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Territorial disputes in North Asia fuel unresolved issues
Mike Mochizuki Is Associate Professor Of Political Science And International Affairs At The Elliott School Of International Affairs At The George Washington University.

Mike Mochizuki Is Associate Professor Of Political Science And International Affairs At The Elliott School Of International Affairs At The George Washington University.
Transcript
JIM MIDDLETON: We've just seen this recent quote from Shinzo Abe: “History is something that should not develop into a political or diplomatic issue” – quote, unquote. But isn't that in fact the fundamental issue that Japan, China and Korea cannot establish a mature relationship until and unless the unresolved issues from World War II and beyond are settled to everyone's satisfaction?

MIKE MOCHIZUKI: You're exactly right. Of course Mr Abe thinks that Japan should have a future oriented relationship with South Korea or China. But because both of these countries were victims of Japanese colonisation or aggression, they feel that Japan needs to come to terms with its historical past.

And during the 1990s, Japanese official, leader, diplomats, thought it was very important for Japan to move forward on the process of reconciliation. But the problem is that under Mr Abe, he has some questions about the apologies that Japan issued during the 1990s. And there is a concern in South Korea and in China that Mr Abe wants to retreat from those apologies.

JIM MIDDLETON: To what extent, then, are the various territorial disputes in north Asia a function of that unfinished business? Or are they, as some analysts argue, a demonstration by Beijing that it is now strong enough to contest US naval power in the region?

MIKE MOCHIZUKI: The territorial disputes between Japan and South Korea over what the Japanese call Takeshima and what the South Korean's call Dokdo, this is primarily an issue about history. The South Koreans have administrative control over Dokdo/Takeshima but they still protest when Japanese make claims to those islands, even though the South Koreans control those islands.

In terms of the territorial dispute between Japan and China, what the Chinese called Diaoyu Islands and the Japanese Senkaku. It's the reverse. The Japanese have administrative protocol and the Chinese claim they should have sovereignty over the islands. But in this case, this has not so far been an issue about history. It's been an issue about economic resources near the islands. It's been an issue about the possibility of military competition in the East China Sea, but not about history

JIM MIDDLETON: But is it also by surrogate a challenge to US naval power? Is that what was meant, for example, by a recent Carnegie endowment report, to which you contributed, which said that the likeliest challenge to the US Japan alliance comes from Beijing's growing coercive power in the immediate region rather than direct military attack?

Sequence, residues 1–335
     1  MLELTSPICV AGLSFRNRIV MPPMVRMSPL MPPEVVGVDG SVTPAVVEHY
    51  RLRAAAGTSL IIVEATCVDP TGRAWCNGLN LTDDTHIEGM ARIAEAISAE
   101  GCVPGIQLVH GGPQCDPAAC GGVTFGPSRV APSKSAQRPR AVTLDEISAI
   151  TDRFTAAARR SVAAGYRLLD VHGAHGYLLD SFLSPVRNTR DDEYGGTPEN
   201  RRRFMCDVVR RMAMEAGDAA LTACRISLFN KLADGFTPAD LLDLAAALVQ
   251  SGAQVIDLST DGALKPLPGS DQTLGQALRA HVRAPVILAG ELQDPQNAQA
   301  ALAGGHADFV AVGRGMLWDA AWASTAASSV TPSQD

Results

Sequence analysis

MIKE MOCHIZUKI: We're not claiming that now China is superior, it's just that the United States relative to China has been eroding in terms of its military capabilities.

So US naval power still has access to the Western Pacific and to areas like the East China Sea. But in the future we think that if the United States approaches those areas they would be put at risk because of the growing capabilities of the Chinese military.

JIM MIDDLETON: One final question: I've been wondering whether there's something exceptional about the way in which nationalism is expressing itself in Japan, China and Korea at the moment. Given that all three of those countries new leaders have relatives, indeed, two of them have parents who were active in politics in the Cold War shadows of World War II?

MIKE MOCHIZUKI: For Mr Abe, he is the grandson of Mr Nobusuke Kishi, who was minister of munitions in the Tojo cabinet during World War II, was a suspected class A war criminal and then in 1957 became prime minister. And, therefore, when he's asked in parliament about Japanese aggression, he has a difficult time saying in a straight forward manner that Japan was an aggressor.

Ms Park, the president of South Korea, she's constrained because her father was in a sense a Japanophile, had graduated from a Japanese military academy; he was someone that wanted to normalise relations with Japan, despite intense domestic opposition in South Korea. And so Ms Park is vulnerable to attacks within her own country that she might be too soft on Japan.

And so, therefore, when Mr Abe or his colleagues in government make provocative statements about the past, then Ms Park has no choice but then to come down hard on the Japanese.

JIM MIDDLETON: Mike Mochizuki, thank you very much indeed.

MIKE MOCHIZUKI: Thank you very much Jim.
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